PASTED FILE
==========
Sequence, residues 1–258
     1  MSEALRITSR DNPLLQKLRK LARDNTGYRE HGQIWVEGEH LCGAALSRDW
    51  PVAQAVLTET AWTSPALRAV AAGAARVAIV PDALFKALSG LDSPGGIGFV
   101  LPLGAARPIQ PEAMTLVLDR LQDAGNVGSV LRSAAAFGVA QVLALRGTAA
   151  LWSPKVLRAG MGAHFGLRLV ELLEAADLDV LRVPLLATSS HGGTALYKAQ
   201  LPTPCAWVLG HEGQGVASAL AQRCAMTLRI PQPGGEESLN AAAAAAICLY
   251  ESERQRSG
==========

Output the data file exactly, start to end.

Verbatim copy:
Sequence, residues 1–258
     1  MSEALRITSR DNPLLQKLRK LARDNTGYRE HGQIWVEGEH LCGAALSRDW
    51  PVAQAVLTET AWTSPALRAV AAGAARVAIV PDALFKALSG LDSPGGIGFV
   101  LPLGAARPIQ PEAMTLVLDR LQDAGNVGSV LRSAAAFGVA QVLALRGTAA
   151  LWSPKVLRAG MGAHFGLRLV ELLEAADLDV LRVPLLATSS HGGTALYKAQ
   201  LPTPCAWVLG HEGQGVASAL AQRCAMTLRI PQPGGEESLN AAAAAAICLY
   251  ESERQRSG